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Adam Smith (June 16, 1723 to July 17, 1790) was a Scottish political economist and moral philosopher. He is considered the fundamental economist upon whose work modern capitalism is based, as he advocated individual economic growth, free enterprise and free will. He founded modern economic theory.

Philosophy

His most famous concept was that markets guide economic activity and act like an “invisible hand” - allocating resources through prices, which rise when there is a shortage of a commodity and fall when it is plentiful.

  • Each individual strives to become wealthy “intending only his own gain” but to this end he must exchange what he owns or produces with others who sufficiently value what he has to offer; in this way, by division of labour and a free market, public interest is advanced. <ref>http://plus.maths.org/issue14/features/smith/</ref>

One of the key figures of the intellectual movement known as the Scottish Enlightenment, he is known primarily as the author of two treatises:

  • The Theory of Moral Sentiments (1759)
  • An Inquiry into the Nature and Causes of the Wealth of Nations (1776)

His The Wealth of Nations was one of the earliest attempts to study the historical development of industry and commerce in Europe, as well as a sustained attack on the doctrines of mercantilism. That work helped to create the modern academic discipline of economics and provided one of the best-known intellectual rationales for free trade, capitalism, and libertarianism. It continues to greatly influence the writings of economists.

Biography

Smith was born in Kirkcaldy, Scotland in 1723 and was raised by his widowed mother. Smith entered the University of Glasgow at the age of fourteen and then attended Balliol College at Oxford for six years until he graduated at the age of twenty-three. Adam returned to Scotland, and delivered a series of lectures which were very well-received. Smith was appointed first chair of logic in 1751 at the University of Glasgow and later then chair of moral philosophy in 1752. In 1764, Adam Smith left the academy to tutor the young Duke of Buccleuch. They lived and traveled in France and Switzerland for two years. The duke had given his teacher a comfortable life pension, so Adam Smith retired to Kirkcaldy and began writing his book, An Inquiry into the Nature and Causes of the Wealth of Nations. In 1778 Smith was appointed to a post as commissioner of customs in Scotland and went to live with his mother in Edinburgh. He died there on July 17, 1790, after suffering with the painful illness, proctalgia fugax, and was buried in the Canongate Kirkyard, Royal Mile, Edinburgh. Smith is hailed as the one who discovered the invisible hand, and explained the theoretical bases of free enterprise.

Legacy

With effect from March 13, 2007, Smith's portrait appears on the reverse of the English £20 note. He is the first true Scotsman to feature on currency issued by the Bank of England, though others with Scottish noble titles have been so featured. His portrait also features on £50 notes issued by the Clydesdale Bank. Many members of the British Conservative Party revere his economic philosophy and insights, and the Adam Smith Institute is a prominent UK pro-free market think tank.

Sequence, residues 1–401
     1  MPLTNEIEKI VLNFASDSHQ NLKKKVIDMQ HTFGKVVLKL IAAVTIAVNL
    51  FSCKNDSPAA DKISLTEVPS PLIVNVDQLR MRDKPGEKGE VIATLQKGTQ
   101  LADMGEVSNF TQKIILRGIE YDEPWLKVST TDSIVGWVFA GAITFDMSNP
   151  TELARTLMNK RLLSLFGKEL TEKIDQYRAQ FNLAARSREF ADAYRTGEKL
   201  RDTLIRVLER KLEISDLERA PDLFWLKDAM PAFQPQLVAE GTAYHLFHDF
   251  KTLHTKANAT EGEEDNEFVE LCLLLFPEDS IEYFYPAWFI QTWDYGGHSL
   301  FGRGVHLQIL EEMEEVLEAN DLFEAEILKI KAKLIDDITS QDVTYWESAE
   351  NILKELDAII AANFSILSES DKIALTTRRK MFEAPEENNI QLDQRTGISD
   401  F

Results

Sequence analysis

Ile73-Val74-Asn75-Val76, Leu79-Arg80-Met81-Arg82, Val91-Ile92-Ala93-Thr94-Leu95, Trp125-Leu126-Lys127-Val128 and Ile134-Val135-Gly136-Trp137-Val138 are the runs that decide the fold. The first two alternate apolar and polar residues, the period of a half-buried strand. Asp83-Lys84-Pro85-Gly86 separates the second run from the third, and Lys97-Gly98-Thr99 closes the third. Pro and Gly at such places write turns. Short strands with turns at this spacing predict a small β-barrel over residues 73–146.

References

<References/>

Economists Philosophers Scottish People Academics Libertarians Enlightenment


Snippet from Wikipedia: Adam Smith

Adam Smith (c. 16 June [O.S. c. 5 June] 1723 – 17 July 1790) was a Scottish economist, philosopher and author as well as a moral philosopher, a pioneer of political economy and a key figure during the Scottish Enlightenment, also known as ''The Father of Economics'' or ''The Father of Capitalism''. Smith wrote two classic works, The Theory of Moral Sentiments (1759) and An Inquiry into the Nature and Causes of the Wealth of Nations (1776). The latter, often abbreviated as The Wealth of Nations, is considered his magnum opus and the first modern work of economics. In his work, Adam Smith introduced his theory of absolute advantage.

Smith studied social philosophy at the University of Glasgow and at Balliol College, Oxford, where he was one of the first students to benefit from scholarships set up by fellow Scot John Snell. After graduating, he delivered a successful series of public lectures at the University of Edinburgh, leading him to collaborate with David Hume during the Scottish Enlightenment. Smith obtained a professorship at Glasgow, teaching moral philosophy and during this time, wrote and published The Theory of Moral Sentiments. In his later life, he took a tutoring position that allowed him to travel throughout Europe, where he met other intellectual leaders of his day.

Smith laid the foundations of classical free market economic theory. The Wealth of Nations was a precursor to the modern academic discipline of economics. In this and other works, he developed the concept of division of labour and expounded upon how rational self-interest and competition can lead to economic prosperity. Smith was controversial in his own day and his general approach and writing style were often satirised by writers such as Horace Walpole.

adam_smith.txt · Last modified: 2020/03/12 18:31 (external edit)